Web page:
by Sheila Connolly
Last week the Republic of Ireland elected Michael D. Higgins as President.
This doesn't mean quite as much as you might think. To give you some context, the nominal head of state is the popularly elected President of Ireland, this is a largely ceremonial position. The real political power being vested in the indirectly elected Taoiseach (prime minister, and if you're wondering, it's pronounced "tea-sock") who is the head of the government, plus the Tánaiste (deputy prime minister) and cabinet ministers. Legislative power is vested in the Oireachtas, the bicameral national parliament, which consists of Dáil Éireann, Seanad Éireann and the President of Ireland.
Okay, you can forget that now. The key phrase is "largely ceremonial position." In other words, the President of Ireland shows up for public events and makes nice speeches, but has no power. He (or she, for the past 14 years) is responsible for receiving foreign heads of state and making visits abroad to promote Irish interests.
Irish elections are fun to watch. Voters cast votes for multiple candidates in their order of preference. The votes are counted, and the candidates on the bottom of the heap are eliminated, and then another vote is held for the top contenders. Eventually someone ends up with a majority. This process takes a couple of days.
This time around, in the Presidential election Higgins won on the first ballot.
He's certainly qualified: he has long been a human rights activist, and the Associated Press called him "a left-wing idealist." But to keep this in perspective, let me add that his closest challenger, Sean Gallagher, is a reality TV celebrity. Another candidate was a former Irish Republican Army commander. There were seven candidates in all, including the first openly gay candidate.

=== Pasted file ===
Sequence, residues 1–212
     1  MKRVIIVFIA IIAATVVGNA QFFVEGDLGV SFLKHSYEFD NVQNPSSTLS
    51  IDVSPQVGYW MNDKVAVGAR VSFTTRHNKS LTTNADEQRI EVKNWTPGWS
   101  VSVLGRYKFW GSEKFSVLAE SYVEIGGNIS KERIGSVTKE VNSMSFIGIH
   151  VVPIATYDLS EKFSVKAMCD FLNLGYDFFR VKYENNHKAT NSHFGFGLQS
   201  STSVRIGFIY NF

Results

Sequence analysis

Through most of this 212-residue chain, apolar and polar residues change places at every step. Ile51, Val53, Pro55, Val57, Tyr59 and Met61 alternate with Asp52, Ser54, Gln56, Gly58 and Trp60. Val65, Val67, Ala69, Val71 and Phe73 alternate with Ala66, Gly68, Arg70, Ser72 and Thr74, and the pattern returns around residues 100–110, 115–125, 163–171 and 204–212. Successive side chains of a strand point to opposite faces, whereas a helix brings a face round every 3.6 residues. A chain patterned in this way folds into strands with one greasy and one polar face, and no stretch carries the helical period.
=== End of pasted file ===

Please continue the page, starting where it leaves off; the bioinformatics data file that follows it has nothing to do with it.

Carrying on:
Higgins is not only a poet, but also a lover of Irish arts, and Irish speaker, and president of the Galway United soccer club. He established the Irish-language TV station TG4, reinvigorated the Irish film industry, and has overseen investment in public museums. Martin Sheen calls him a "dear friend."
While the position may be toothless, the Presidency is still symbolically important, and Higgins looks forward to leading active discussions on issues facing young people, and the failure of the current Irish economic model.
I'm jealous. The presidential election in this country is a year away, and already we are being bombarded with vitriolic commercials all day long (I should mention that Ireland limits the time candidates may campaign to a few weeks). On one side we have a varying list of candidates who bounce up and down in the polls and take potshots at each other during debates. On the other we have an incumbent who is saddled with a lousy economy and a squabbling Congress that can't seem to get anything done.
What would it be like if we had someone who was eloquent and intelligent and politically aware representing us to the rest of the world? Leave all the tough policy stuff—the economy, wars, that kind of thing—to the wonks and think-tanks behind the scenes. I think we could use someone like Higgins, who can distill the essence of our problems into a few well-chosen words—and maybe inspire a majority of people to believe that there are solutions and to hope that they can find them before the whole mess blows up.